Govt stresses transparent police recruitment process
New Delhi: With over two lakh constabulary
posts lying vacant across the country, the government has
written a letter to all states and union territories to adopt
transparent recruitment process for the police forces.
The letter mentions the new recruitment policy adopted
by the Centre for all paramilitary forces and has sought
suggestions to make overall induction process corruption-free
and with minimum or no human interference, official sources
They said the idea mooted by the Union Home Ministry
suggests use of machines or electronic applications for
correction of written examination papers, maintenance of
data, preparation of lists or rolls and for maintaining finger
print or iris detail of candidates.
The electronic devices could also be used to record data
relating to physical tests during recruitment.
As per the latest official data updated till January 1,
2008, a total of 2.67 lakh posts are lying vacant in police
forces across different states and union territories in the
The government has authorised the Bureau of Police
Research and Development (BPR&D), a nodal agency to provide
consultancy for the modernisation of police forces, to devise
the road map for it.
"Since law and order is a state matter, we have written a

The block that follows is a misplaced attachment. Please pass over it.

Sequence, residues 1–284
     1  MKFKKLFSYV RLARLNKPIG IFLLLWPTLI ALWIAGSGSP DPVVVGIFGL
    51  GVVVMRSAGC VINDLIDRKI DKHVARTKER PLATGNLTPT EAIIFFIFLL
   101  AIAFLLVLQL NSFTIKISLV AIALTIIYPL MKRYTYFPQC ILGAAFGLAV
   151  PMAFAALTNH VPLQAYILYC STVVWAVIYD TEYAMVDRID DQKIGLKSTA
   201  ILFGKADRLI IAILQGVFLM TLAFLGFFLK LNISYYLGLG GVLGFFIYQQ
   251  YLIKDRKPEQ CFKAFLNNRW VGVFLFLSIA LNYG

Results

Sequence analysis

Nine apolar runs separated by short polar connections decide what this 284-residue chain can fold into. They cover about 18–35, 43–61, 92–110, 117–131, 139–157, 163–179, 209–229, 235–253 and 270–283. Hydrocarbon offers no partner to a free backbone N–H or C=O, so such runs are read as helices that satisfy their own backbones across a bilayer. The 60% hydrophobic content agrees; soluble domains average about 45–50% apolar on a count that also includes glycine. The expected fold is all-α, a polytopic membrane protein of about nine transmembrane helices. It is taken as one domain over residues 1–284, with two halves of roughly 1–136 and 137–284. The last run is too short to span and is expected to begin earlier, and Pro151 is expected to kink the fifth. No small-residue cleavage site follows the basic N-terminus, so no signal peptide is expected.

letter to all the state governments and Union territory
administrations asking them to shape technology-based
transparent recruitment process that is free of any human
interference. They have been also requested to make
suggestions and give ideas in this regard," a senior BPRD
He said the motto of this exercise was to assist in
developing an information technology enabled system for the
recruitment of policemen.
A total of 49,252 posts in Maharashtra and 36,760 in J-K,
22,267 in Uttar Pradesh, 22,000 in Bihar and 19,268 in Andhra
Pradesh were lying vacant, according to the data.
In Naxal-hit Chhattisgarh, West Bengal, Orissa and
Jharkhand, their numbers stood at 14,867, 13,007, 8,724 and
2,449 posts respectively, it said.
There are 13,057 police stations and 7,535 police posts
in the country.
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